Many studies reveal that social impact measurement practice in the social enterprises is as not widespread as it could be (Epstein, Yuthas, 2014; Grieco, 2018, Urmanvičienė, 2019). A study by Grieco (2018) revealed that some social enterprises are principally willing to engage in impact measurement but do not do so, or only irregularly due to lack of resources and capacity.
Some scholars started discussions that impact measurement can be too difficult for any social enterprise. According to Epstein, Yuthas (2014), many organizations do not implement social impact measurements because they simply do not know what and how to measure, and believe that they simply do not have the skills and knowledge to implement impact measurement in their organization. However, the implementation of measurement in organizations is very important - without it, there is a high risk that funds, time and other resources that are invested in the activities of the organization are wasted.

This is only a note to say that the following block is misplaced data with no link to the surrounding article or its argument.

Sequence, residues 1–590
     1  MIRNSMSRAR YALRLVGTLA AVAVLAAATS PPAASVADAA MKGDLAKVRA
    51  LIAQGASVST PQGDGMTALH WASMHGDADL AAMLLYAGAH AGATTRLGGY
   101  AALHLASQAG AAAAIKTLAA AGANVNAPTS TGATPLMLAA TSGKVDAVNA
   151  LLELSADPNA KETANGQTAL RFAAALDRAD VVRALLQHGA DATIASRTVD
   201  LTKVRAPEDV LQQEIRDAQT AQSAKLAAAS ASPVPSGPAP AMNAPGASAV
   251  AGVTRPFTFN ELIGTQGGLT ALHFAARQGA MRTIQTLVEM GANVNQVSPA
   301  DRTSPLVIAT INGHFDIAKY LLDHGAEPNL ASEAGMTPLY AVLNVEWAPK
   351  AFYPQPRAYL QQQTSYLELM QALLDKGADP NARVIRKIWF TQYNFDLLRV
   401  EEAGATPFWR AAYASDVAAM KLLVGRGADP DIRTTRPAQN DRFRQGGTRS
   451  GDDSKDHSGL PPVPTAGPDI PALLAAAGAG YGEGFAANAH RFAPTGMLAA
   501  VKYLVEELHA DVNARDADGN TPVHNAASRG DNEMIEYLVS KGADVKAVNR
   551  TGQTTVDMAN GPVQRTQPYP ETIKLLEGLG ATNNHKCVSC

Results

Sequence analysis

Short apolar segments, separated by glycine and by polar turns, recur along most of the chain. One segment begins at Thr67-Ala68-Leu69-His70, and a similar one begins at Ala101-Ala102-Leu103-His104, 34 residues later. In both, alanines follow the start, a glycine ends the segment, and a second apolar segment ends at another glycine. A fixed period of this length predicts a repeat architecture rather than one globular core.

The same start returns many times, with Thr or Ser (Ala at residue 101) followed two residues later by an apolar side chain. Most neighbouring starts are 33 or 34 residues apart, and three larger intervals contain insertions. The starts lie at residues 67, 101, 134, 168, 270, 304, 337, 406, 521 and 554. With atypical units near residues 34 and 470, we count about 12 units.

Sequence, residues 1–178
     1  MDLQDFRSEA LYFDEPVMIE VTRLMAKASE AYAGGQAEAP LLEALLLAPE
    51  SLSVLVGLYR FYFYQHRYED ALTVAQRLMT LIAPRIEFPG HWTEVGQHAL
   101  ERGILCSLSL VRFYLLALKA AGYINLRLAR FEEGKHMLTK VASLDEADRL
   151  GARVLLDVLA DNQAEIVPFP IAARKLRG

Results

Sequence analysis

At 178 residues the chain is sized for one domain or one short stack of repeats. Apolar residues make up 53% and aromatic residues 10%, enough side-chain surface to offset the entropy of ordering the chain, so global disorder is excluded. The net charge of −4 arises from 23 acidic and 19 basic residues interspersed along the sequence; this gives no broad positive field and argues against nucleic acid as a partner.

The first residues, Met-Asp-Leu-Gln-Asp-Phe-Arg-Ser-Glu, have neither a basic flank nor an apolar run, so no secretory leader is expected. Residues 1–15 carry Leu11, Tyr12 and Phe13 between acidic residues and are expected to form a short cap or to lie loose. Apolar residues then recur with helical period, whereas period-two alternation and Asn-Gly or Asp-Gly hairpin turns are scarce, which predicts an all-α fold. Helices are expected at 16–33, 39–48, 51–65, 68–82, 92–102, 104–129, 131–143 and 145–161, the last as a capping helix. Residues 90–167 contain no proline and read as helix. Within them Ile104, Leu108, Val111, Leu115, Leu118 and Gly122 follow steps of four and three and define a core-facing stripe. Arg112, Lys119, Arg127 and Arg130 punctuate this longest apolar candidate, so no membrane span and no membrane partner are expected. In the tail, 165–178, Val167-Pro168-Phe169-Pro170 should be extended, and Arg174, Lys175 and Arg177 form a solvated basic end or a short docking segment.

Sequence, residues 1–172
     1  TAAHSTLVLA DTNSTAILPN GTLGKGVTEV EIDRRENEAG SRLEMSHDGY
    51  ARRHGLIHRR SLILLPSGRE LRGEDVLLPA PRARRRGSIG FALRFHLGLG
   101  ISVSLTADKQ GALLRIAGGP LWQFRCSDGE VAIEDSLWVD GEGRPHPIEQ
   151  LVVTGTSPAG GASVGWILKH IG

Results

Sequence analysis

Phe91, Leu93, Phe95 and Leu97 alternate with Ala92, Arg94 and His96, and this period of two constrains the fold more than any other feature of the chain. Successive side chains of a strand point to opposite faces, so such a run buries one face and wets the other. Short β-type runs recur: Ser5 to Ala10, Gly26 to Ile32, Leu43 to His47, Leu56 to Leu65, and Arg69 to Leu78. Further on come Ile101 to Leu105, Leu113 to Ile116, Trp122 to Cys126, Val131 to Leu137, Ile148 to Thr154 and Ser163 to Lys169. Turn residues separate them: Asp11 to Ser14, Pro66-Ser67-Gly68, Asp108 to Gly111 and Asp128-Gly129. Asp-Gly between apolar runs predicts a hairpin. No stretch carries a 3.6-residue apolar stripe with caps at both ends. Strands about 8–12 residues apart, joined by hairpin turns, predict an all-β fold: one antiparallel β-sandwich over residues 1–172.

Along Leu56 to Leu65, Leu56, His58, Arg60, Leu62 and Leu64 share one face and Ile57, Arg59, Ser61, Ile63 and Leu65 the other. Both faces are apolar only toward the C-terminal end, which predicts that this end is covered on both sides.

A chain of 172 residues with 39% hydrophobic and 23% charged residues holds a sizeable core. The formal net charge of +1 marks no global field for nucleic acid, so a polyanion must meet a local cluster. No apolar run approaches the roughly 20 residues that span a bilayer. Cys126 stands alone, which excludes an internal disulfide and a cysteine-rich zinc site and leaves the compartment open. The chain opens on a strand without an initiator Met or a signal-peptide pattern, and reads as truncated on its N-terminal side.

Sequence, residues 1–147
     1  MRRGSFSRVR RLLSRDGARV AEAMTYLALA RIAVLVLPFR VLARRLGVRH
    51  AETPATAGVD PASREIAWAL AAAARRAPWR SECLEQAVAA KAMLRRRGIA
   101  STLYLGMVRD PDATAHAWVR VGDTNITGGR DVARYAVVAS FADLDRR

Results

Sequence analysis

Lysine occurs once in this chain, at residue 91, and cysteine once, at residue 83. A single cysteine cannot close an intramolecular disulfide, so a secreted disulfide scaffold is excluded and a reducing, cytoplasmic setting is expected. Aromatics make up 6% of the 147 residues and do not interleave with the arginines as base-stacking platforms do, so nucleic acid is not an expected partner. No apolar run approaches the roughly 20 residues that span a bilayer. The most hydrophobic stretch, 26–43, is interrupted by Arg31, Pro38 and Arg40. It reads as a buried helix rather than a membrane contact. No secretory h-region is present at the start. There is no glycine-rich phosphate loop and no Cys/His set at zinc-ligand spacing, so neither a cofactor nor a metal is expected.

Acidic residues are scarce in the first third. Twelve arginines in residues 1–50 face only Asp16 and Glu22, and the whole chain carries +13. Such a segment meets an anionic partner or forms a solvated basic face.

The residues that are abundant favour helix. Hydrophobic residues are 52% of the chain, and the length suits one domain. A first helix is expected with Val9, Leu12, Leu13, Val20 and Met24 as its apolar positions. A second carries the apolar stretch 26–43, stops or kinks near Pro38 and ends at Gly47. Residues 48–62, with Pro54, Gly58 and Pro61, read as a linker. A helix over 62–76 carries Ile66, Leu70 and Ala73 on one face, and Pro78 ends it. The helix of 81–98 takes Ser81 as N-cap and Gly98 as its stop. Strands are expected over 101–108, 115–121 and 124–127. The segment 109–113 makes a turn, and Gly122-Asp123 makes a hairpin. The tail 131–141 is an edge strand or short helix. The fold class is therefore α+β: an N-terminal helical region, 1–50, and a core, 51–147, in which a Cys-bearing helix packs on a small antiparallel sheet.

Moreover, impact measurement enables accountability of social enterprises toward their stakeholders. Social enterprises rely on resources from their stakeholders—be it donors, volunteers, governments, or partners. These resource providers might in turn, be interested in knowing how their resources were used and to what effect. Secondly, impact measurement can support internal decision-making. It enables a social enterprise to identify those activities and programs that create the highest societal benefit as well as those that might not deliver expected impact.
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